I wonder if the art of living – or at least one of the arts of living – is not to rise above our clinging disposition. In a Vipassana meditation retreat I attended some years ago, this issue was raised repeatedly: human beings are troubled by two major tendencies: attachment and aversion. Either we like something too much, or we hate it. The middle path is the healthiest way, but it is very difficult, because most of us – by character – gravitate toward some things with more passion than others. So passion, for that matter, is also a form of addiction, because when we are passionate about something, we walk, talk, dream, and give a lot of our time and attention to it. It's hard to detach ourselves from our addictions, and it's actually harder to admit them. Some addictions we don't even want to admit to ourselves let alone to others!

So, let's consider a gift that we have, but either don't care to, like to, want to, or can grant ourselves as often as we should: the gift of healthy detachment.

Friday, July 15, 2011

The gift of education

Education is not the filling of a pail, but the lighting of a fire.
-William Butler Yeats


In 2009 there was an article in Businessweek that revealed a stunning discovery made by the Robert Wood Johnson Foundation Commission to Build a Healthier America. This commission found that there is a direct relationship between people's physical and mental health and their level of education. Their research found that there are much larger groups of high school drop outs, for instance, who suffer from poor health than people with college degrees. Now, you may wonder what education would have to do with someone's health, and I will say: a lot!

Here's the thing: education doesn't only grant you a certificate or degree. That's the formal part, which many people focus on. But what many overlook is the fact that education also helps you to look at life more critically and creatively. You think things through in a more methodical, deeper way, and you learn to see opportunities where others don't. You stop taking things for granted and start questioning them more rigorously. You draw your own conclusions and don’t just go with the opinions of the masses. You verify and look for alternatives. You become more inventive and innovative. Steve jobs, the genial CEO of Apple, talks about it in a speech he gave at Stanford University in 2005. While Jobs is a college dropout, he did continue to take classes that he liked, and learned a lot this way about things that turned out to be extremely helpful to him when he started designing and developing his first Mackintosh computer. He gives the example of a caligraphy course he took, which helped him create the nice fonts for the first Mac, and basically determined the option of nice fonts for computer use overall!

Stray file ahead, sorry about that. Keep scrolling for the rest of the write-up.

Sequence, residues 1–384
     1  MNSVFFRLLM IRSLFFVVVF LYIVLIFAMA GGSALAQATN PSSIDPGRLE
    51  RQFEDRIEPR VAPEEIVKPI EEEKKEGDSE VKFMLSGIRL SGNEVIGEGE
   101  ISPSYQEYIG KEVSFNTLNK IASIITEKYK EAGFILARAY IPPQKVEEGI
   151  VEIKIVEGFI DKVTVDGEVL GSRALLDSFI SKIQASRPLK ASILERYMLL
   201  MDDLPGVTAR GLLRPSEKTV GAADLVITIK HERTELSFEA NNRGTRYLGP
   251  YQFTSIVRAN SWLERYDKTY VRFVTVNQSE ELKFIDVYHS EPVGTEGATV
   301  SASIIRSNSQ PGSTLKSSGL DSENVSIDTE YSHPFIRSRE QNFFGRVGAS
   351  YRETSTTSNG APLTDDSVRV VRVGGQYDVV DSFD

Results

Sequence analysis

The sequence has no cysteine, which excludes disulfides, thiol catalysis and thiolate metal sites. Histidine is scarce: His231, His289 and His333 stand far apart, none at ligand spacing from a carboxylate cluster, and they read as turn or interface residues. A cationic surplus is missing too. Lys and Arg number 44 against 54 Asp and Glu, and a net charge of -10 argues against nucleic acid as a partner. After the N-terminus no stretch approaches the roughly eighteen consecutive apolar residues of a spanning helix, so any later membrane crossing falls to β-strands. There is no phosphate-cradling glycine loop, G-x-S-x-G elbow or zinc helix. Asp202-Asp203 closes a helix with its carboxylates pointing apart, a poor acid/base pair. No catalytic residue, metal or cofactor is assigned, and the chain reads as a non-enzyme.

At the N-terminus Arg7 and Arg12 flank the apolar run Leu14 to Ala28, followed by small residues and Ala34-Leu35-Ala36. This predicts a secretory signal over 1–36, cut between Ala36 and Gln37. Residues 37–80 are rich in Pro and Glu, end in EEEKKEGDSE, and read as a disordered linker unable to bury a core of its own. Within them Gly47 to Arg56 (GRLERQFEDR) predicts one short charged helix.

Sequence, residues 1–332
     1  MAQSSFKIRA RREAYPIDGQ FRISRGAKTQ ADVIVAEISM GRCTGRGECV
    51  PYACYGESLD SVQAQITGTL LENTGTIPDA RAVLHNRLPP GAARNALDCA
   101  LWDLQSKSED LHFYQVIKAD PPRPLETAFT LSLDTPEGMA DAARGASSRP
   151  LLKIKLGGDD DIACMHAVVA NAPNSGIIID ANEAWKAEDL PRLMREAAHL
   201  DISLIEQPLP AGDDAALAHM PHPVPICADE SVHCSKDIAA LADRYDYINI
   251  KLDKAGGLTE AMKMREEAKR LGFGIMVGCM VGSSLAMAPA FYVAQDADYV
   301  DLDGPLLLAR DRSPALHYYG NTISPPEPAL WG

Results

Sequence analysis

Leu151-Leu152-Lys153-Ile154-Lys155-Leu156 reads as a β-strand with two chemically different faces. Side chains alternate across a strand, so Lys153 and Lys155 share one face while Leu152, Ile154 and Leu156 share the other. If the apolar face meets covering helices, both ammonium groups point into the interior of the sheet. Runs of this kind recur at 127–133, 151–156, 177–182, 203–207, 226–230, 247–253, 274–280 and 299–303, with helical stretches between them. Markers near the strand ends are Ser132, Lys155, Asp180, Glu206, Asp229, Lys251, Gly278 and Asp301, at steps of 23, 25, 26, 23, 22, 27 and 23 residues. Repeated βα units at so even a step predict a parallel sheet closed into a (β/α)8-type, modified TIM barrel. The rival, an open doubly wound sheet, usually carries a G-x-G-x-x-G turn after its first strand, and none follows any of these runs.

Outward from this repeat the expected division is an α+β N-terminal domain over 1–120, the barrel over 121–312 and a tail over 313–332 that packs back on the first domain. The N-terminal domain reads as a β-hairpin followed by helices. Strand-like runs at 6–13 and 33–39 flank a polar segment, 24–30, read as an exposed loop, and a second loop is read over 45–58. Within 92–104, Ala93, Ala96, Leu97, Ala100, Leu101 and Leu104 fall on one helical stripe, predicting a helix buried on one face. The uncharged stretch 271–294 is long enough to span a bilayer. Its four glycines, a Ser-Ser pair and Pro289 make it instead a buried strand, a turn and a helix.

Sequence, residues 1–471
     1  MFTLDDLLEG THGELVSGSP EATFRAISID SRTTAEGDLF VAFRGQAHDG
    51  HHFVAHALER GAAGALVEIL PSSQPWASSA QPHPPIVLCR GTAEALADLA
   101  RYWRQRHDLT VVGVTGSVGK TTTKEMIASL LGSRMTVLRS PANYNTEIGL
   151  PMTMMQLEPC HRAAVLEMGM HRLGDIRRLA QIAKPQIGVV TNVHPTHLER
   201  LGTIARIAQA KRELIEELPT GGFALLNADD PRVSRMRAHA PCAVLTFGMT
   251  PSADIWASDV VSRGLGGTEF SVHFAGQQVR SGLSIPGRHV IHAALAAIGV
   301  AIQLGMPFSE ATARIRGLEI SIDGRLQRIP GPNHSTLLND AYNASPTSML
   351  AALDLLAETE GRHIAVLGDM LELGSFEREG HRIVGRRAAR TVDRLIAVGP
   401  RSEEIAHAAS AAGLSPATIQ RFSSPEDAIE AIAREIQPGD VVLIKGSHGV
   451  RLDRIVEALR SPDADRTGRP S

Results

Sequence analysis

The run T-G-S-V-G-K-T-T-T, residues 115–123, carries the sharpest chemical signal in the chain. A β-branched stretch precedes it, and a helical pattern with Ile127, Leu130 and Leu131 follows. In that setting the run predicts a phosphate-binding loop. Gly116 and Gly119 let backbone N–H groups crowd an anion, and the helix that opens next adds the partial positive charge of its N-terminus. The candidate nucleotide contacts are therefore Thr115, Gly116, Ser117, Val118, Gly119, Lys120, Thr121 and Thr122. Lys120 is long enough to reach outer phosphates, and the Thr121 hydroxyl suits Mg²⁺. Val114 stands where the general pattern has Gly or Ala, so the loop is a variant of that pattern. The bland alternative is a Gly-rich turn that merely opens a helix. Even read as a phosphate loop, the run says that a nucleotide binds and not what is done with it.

A few months ago, President Obama made this point very clear again in a different light. He stressed that America needs highly educated people to increase its global position and competitiveness. Countries such as China and India have long realized the value of education and have been gaining tremendous ground in global performance. Educated people set trends. They think outside the box, no matter how cliché that may sound. When people engage in higher education they learn the things that cannot be taught: they learn to think for themselves. As a result, they understand better than others how important it is to become lifelong learners. Investment in education, says Obama, is critical for a nation's performance.

My endnote is that education is essential for you as an individual, as well as for the community in which you live and work. It is never wasted, and it will be up to you how well you choose to use your education. But you do have all the tools in your hands to make your life work out.

Monday, July 11, 2011

The gift of recognizing your gifts